I’m originally from upstate New York, where water meters are located in basements or cellars to keep them from freezing. The small town where I grew up operated a water system and, with limited staff, frequently estimated meter readings. My mother was aware of this and, after several billing periods without her meter being read, was convinced they were overestimating her usage. So she called and made arrangements for the meter reader to come and read her meter. Much to her chagrin, they had been underestimating her reading all those months and her next water bill was much higher than the bills she thought were already excessive!
An inquiry from a colleague
Last year, I had a professional colleague contact me with the following questions:
“Do you by chance know if there is an industry standard for estimated meter reads? I know you would want this number to be as low as possible but is there an industry target that would indicate a utility’s meter reading capabilities?”
My response was:
“I’m not aware of any industry standard for estimated meter readings. Off the top of my head, I would think anything greater than about 2% would be excessive unless there were extenuating circumstances (such as snow in an area like ours in North Carolina where utilities aren’t prepared to read in that kind of weather).”
This is where you get to help…
Previous Utility Information Pipelines have addressed meter reading best practices and alternating actual readings and estimates as a way of reducing costs, but none have addressed routine estimates.
In order to better answer my colleague’s question, I’ve put together a short survey asking how your utility handles estimated meter readings. Please take a few minutes to complete the survey by clicking here.
The results of the survey will be published in the next Utility Information Pipeline.
Do you need to review your meter reading practices?
If your meter reading could be improved upon, please give me a call at 919-232-2320, or email me at email@example.com for more information about how a business review could help.
© 2017 Gary Sanders
From time to time, I get questions about how the ZIP+4 and DPC (Delivery Point Code, previously known as Delivery Point Barcode, or DPBC) are assigned.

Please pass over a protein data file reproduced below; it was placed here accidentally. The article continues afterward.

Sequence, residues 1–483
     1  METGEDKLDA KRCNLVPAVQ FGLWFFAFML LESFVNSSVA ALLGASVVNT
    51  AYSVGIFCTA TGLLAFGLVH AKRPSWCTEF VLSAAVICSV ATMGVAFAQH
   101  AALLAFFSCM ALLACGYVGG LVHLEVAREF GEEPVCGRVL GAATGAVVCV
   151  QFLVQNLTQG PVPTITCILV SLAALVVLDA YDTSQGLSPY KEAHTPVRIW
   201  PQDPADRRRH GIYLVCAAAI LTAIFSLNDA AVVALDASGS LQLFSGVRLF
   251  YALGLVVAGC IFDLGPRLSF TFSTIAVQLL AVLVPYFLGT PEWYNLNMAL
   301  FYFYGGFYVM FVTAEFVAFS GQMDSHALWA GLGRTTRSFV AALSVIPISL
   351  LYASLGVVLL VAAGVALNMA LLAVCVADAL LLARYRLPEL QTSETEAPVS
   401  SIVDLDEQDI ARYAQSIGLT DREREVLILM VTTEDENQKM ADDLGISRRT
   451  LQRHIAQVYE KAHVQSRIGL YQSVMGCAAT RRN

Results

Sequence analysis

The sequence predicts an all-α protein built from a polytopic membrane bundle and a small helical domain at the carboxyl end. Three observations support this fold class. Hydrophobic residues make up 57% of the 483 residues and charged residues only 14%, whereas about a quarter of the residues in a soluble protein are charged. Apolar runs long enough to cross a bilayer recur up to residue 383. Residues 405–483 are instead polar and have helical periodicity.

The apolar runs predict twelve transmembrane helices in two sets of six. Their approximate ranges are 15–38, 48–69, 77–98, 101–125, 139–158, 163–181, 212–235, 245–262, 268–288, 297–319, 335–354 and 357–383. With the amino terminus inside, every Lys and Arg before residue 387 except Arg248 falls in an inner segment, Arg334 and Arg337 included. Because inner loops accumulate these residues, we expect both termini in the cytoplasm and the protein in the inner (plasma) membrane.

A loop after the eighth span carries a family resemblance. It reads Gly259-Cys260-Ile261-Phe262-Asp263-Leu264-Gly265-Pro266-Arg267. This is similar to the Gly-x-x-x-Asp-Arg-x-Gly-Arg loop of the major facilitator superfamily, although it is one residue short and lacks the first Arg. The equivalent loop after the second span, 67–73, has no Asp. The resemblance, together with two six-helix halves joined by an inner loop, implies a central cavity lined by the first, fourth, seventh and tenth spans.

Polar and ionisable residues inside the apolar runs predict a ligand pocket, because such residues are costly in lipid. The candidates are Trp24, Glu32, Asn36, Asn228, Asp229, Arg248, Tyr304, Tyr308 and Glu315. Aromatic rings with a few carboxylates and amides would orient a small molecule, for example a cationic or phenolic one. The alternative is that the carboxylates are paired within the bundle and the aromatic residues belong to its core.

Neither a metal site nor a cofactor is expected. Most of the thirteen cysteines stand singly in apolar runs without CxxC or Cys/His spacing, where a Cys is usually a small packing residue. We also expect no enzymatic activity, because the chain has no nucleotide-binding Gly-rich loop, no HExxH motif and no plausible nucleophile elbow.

A previous Utility Information Pipeline addressed (no pun intended!) mailing address quality. That issue described how to look up a ZIP+4 and the corresponding Delivery Point Code, but it didn’t describe them. An earlier issue explaining Intelligent Mail Barcodes touched briefly on how they are assigned, but didn’t go into great detail.
What does a ZIP+4 represent?
Here is an illustration using a map of a random street in Raleigh (chosen simply because it is laid out in a traditional block, not with curved streets and cul-de-sacs, like many neighborhoods):
Frank Street is in Raleigh ZIP code 27604.
For residential addresses, the ZIP+4 represents the odd or even side of a block. In this example, the ZIP+4 is 27604-2017 for odd side of the 500 block of Frank Street and 27604-2018 for the even side of the block.
What does the DPC represent?
As you can see from the map, mail sorted to the ZIP+4 includes multiple addresses. For example 27604-2017 includes the odd numbered addresses from 501 Frank Street through 511 Frank Street.
To improve upon this, the US Postal Service introduced the DPC which, when appended to the ZIP+4, creates a unique 11 digit number for every residential address. The DPC is the last two digits of the street number (or the post office box for PO Box addresses). Thus, 501 Frank Street becomes 27604-2017-01 and 503 Frank Street becomes 27604-2017-03, creating a unique numbering scheme for every address.
I’ve actually done a data matching project for a customer using this. We linked county tax information to their utility billing database using the 11 digit ZIP+4 and DPC as the initial link between addresses in the disparate systems.
How good is your address quality?
If your address quality needs to be improved, please give me a call at 919-232-2320, or email me at firstname.lastname@example.org for more information about how a business review could help.
© 2017 Gary Sanders